He didn’t laugh. 

After an informative safety briefing, we were off and I set off running confidently on my own two feet. Yesss! I know how to do this, I thought, as I soon passed a number of pro-looking tri-suited bodies on the first lap of the two-lap section. My pace was controlled but fast, and I felt good. I felt strong. No technical malfunctions possible, other than the obvious shoelaces or legs falling off. With no evidence of either, I arrived into the first transition entirely happy with the first running section.  

Remember to put your helmet on before you take your bike off the rack, I recalled the wise words of Friendly Hoody guy and stuck my Halfords lid* straight on my head before inhaling a gel and pushing my bike out into the traffic lane. Shit. I’ve got to hop onto the bloody thing, now. 

For the first lap, we took some time getting to know one another. It tried to mould to me, whilst I squirmed about on the impossibly narrow saddle and wondered if my marriage would survive nine laps of potentially irreparable damage to sensitive female areas. Fuck! My foot slipped from the non-cleated pedal and the wheels spun round at some speed, catching me on both shins. Fuck, fuck FUCK! I wrestled my Adidas Boost trainers back onto the slippery silver pedals and wrenched the handlebars back under control to avoid face-planting on the race track. I looked around me. No one else was cycling in Adidas Boosts. NO ONE ELSE IS PEDALLING IN FUCKING TRAINERS, RACHEL. Wait! Oh look! A girl over there is, and she’s a shit cyclist too! I felt like cycling over to her and making friends, but she didn’t look to be in the mood for chatting.  

Lap 3 and I felt sure my future was one of celibacy. I could see nothing through my entirely unnecessary Rudy Project sunglasses, and wind whipped snot across my face like a sad, sleeveless child. I looked up and saw Gav and Tilly up in the stand for the fifth time. ‘TAKE HER INSIDE IT’S PISSING IT DOWN’ I hollered across to Gav who stood looking perplexed at the unexpected instruction whilst I attempted to ‘maintain a good cadence’ on my alien bike. For the remaining seven laps, they took my advice, and were nowhere to be seen.** 

There were hills on the course. I couldn’t believe it. Just as I began to think I could manage to remain seated on my ill-fitting bike for what may feel like an eternity, they threw two significant inclines on the track for good measure. And just as I was attempting to lower my gear for the 5th time, I heard an emphatic ‘Keep going, Rachel! Keep pushing!’ from behind. For a millisecond I was transported back to the delivery room of Calderdale Royal Hospital in late September 2010, but a quick glance to my right and Friendly Hoody man came flying past me, clearly making up time on his cycle, just as he’d predicted. Fucking hell.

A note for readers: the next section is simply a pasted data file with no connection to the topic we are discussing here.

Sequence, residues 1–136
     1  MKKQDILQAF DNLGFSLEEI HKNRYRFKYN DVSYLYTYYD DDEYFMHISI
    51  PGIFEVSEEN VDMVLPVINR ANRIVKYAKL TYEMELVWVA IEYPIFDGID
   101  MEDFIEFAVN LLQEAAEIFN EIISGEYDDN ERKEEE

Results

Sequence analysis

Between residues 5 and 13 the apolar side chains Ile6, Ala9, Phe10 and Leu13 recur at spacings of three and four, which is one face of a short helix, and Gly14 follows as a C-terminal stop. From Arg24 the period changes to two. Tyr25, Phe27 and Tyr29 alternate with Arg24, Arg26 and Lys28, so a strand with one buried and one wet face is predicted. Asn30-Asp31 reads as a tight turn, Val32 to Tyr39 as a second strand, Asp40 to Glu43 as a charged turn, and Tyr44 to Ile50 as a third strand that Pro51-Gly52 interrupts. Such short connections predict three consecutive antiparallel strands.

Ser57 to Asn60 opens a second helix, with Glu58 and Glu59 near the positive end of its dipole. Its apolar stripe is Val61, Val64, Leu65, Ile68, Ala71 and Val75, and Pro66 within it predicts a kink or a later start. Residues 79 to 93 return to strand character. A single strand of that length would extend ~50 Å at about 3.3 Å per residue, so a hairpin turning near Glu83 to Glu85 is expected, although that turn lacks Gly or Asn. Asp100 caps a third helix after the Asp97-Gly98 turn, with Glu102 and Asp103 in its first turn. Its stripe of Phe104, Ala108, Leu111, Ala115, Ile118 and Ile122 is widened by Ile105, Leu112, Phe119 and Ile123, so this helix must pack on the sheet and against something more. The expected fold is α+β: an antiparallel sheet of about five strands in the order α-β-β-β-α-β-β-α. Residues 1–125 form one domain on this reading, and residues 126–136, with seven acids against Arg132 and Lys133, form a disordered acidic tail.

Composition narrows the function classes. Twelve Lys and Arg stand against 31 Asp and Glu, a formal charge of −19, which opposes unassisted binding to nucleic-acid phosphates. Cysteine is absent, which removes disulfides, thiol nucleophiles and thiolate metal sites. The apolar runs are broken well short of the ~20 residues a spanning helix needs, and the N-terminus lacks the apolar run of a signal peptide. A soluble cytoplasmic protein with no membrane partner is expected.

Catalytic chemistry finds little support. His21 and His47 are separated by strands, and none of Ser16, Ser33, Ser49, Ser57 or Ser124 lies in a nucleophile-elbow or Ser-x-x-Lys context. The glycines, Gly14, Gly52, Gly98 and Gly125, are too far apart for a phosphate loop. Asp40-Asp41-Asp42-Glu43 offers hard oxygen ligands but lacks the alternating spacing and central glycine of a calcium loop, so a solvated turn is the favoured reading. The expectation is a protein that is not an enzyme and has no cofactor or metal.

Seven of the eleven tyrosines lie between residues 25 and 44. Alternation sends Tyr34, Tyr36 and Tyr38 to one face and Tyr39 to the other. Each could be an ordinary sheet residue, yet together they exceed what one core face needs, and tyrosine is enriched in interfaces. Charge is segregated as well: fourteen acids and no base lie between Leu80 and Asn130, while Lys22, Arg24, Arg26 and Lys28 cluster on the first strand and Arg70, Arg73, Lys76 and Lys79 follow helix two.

The remaining cycle laps were a feat of a certain kind of endurance I’ve never experienced before. Like balancing on a thin, moving beam praying for the moment when it would all end.  

Approaching the second transition, I felt no fear about the second run. Legs tired? Of course. A bit wobbly? Yeah, sure. Desperate to get off the fucking bike? YES! YES. THAT! I hopped off the bike like a slightly drunken vagrant heading off to his last pub of the night. Right: Hang bike on rack? Check. Inhale a gel? Check. Right. Now RUN, RUN, FUCKING RUN!  

‘Wait! You’ve still got your helmet on!’ I heard Gav and Tilly bellow from the barriers as I headed towards the transition exit. Oh, for the love of God. I turned on my heels and handed my No Frills non-aerodynamic Halford’s lid to a very helpful fellow athlete, and ran off, as far away from my fucking Scott bike as was humanly possible. That was motivation enough for me. 

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I. love. tarmac.

‘Great running!’  one semi-limping guy said as I skipped past him on my final lap of the track, feeling the thrill of my Adidas Boosts on terra firma. The last mile felt tough on the final climb up to the finish, but it was over soon enough. 

Approaching the finish line after a cold, wet, tiring and uncomfortable 2 hours and 24 minutes, I could see Gav and Tilly – both perfectly dry and warm – cheering for me as I raised my thoroughly feeble arms in the air whilst attempting to look mildly victorious.  

‘WELL DONE, MUMMY!’ Tilly said, pawing at my medal and blatantly eyeing up my CLIF peanut butter bar. ‘You did REALLY well… But why were you so slow on the bike?’ 

Thanks, Tills. The adoption papers are being processed at the time of writing. 

 

*I can call it this, now I’m officially a #cyclingwanker 

**I subsequently discovered that they were neither cold nor pissed wet through, and my unnecessary hollers had simply caused them to fall about laughing. ‘The other cyclists must have thought you’re mental!’ were Gav’s exact words.